The existence of fungi, and their fruiting bodies, the mushrooms, has also influenced human consciousness, giving shape to new artistic ideas. Conceptual artist, inspired by the ways fungi grow, developed ideas of extemporaneous and uncontrolled creation. In the paintings of Tang Zhigang, Guo Hongwei, Li Jikai, Zhang Zipiao, Zhou Yilun, and Yulia Iosilzon, we get a sense of the deep physical and conscious entanglement between fungi and humans. After all life has achieved fusion, the images in Qiu Xiaofei’s works cast off their shells and return to the primal state of life.
Rethinking the original living awareness, and coming to a new understanding of the forces of nature, in the works of Zhang Xiaogang, Sui Jianguo and Qiu Xiaofei and others, we see the inner contemplation and flights of fancy that emerge as the boundaries between nature and humans, subject and object fade away, and the conscious perceptions and meditations on life that arise from unification between the individual and the world.
In the exhibition, artists and photographers from multiple countries share works they made in collaboration with nature. Australian photographer Stephen Axford has photographed many amazing Yunnan fungi in the biodiversity “gene bank” of the Ailao Mountains; Artist Rahel Oberhummer has collaborated with researchers of ancient microbes. Her “Unearthed” photography series records microbes that have lain dormant in the permafrost at over 3000 meters altitude at Muot da Barba Peider in the Swiss Alps, revealing their revival and growth under sterile lab conditions.
The Swiss artist team Monica Studer / Christoph van den Berg, who bring us the crypto artwork Fungible Giveaway, see mushrooms as symbols of symbiosis and parasitism. In At the Extremes of Our Universe, artists Gerda Steiner & Jörg Lenzlinger envision a fantastic universe brimming with mushrooms, fungi and other organisms.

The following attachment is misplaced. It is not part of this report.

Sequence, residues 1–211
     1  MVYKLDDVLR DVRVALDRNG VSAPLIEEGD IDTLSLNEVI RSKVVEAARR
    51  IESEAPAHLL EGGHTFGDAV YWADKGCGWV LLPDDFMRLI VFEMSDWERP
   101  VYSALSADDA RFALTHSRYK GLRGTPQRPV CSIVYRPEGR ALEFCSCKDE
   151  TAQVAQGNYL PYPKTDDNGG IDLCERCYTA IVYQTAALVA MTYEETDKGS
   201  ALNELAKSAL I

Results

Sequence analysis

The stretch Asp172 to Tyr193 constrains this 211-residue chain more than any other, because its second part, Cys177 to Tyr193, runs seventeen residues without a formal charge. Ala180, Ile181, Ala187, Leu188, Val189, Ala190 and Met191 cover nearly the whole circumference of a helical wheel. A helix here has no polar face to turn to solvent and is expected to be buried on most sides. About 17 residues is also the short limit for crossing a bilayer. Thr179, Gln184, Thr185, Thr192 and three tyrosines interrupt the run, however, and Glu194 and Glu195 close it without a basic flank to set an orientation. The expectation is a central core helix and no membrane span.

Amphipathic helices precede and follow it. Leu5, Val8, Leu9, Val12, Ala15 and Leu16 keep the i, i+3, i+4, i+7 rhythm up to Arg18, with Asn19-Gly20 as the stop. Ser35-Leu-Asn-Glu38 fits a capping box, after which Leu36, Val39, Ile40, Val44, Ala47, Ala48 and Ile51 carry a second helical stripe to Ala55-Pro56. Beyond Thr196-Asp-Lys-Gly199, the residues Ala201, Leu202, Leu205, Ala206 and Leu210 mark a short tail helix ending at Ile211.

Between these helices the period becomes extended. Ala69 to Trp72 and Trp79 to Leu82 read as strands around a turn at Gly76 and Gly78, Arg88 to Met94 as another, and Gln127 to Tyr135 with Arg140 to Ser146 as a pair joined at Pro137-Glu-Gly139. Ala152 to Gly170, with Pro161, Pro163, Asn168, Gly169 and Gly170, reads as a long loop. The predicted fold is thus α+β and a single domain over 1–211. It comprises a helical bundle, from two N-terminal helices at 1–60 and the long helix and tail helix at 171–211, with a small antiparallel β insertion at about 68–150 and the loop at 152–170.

Can fungi help us restore and change our relationship with the world? In The Mushroom Speaks, filmmaker Marion Neumann joins forest rangers, mushroom foragers and growers, mycologists, anthropologists, and psychiatric researchers to explore the therapeutic properties and restorative abilities of fungi.
“The Language of Mushrooms: The Interspecies Internet” curator Ye Ying believes that at a time when the pandemic and ecological crises are spreading across the globe, we must rethink our anthropocentric ideas. As the tie that binds the natural world, fungi challenge our understanding of non-human intelligence. By considering the connections and mutual influences between species from the perspective of cooperation, and bringing together different fields of inquiry to the understanding of the species of the world and their environments, we can further expand the boundaries of art, and imagine a Myco-Cultural Evolution.
Located on China’s southwestern frontier, Yunnan Province is home to one of the largest concentrations of wild mushroom species in the world. Southwest China is one of 34 recognized biodiversity hotspots around the world. The 15th Conference of the Parties of the UN Convention on Biological Diversity established the Kunming Declaration to create an effective “post-2020 global biodiversity framework,” reverse declines in biodiversity, and put the world on the path to biodiversity restoration by 2030 at the latest.
Exhibition artistic director and Contemporary Gallery Kunming Director Nie Rongqing stated that Contemporary Gallery Kunming will draw on the rich natural resources of the local region to establish a global knowledge network for equal dialogue between different fields and species, and that the museum will develop a series of exhibitions and art projects to promote biological diversity. Mutual adaptation and symbiosis among the species and between the species and the environment are only possible in an environment of biological diversity.
This gathering between art and science, which began in Yunnan for the interpretation of the “Language of Mushrooms,” will continuously reach and expand around the globe, weaving a “mycelium network” spreading the wisdom of symbiosis and interspecies connection.
This exhibition was organized by Contemporary Gallery Kunming, co-organized by The Art Newspaper Chinese Edition, and supported by Pro Helvetia Shanghai, Swiss Arts Council, Institut français, and M Art Foundation.
Curator: Ye Ying
For more information please visit Pro Helvetia.